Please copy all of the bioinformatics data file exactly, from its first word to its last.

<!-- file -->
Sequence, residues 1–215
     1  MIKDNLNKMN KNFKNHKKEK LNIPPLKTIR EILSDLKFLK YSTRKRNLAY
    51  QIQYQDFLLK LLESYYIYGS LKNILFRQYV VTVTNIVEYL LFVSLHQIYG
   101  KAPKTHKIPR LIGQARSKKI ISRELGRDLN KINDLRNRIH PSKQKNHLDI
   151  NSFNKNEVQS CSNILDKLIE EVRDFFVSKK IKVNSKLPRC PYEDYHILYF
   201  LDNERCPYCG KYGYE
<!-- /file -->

Sequence, residues 1–215
     1  MIKDNLNKMN KNFKNHKKEK LNIPPLKTIR EILSDLKFLK YSTRKRNLAY
    51  QIQYQDFLLK LLESYYIYGS LKNILFRQYV VTVTNIVEYL LFVSLHQIYG
   101  KAPKTHKIPR LIGQARSKKI ISRELGRDLN KINDLRNRIH PSKQKNHLDI
   151  NSFNKNEVQS CSNILDKLIE EVRDFFVSKK IKVNSKLPRC PYEDYHILYF
   201  LDNERCPYCG KYGYE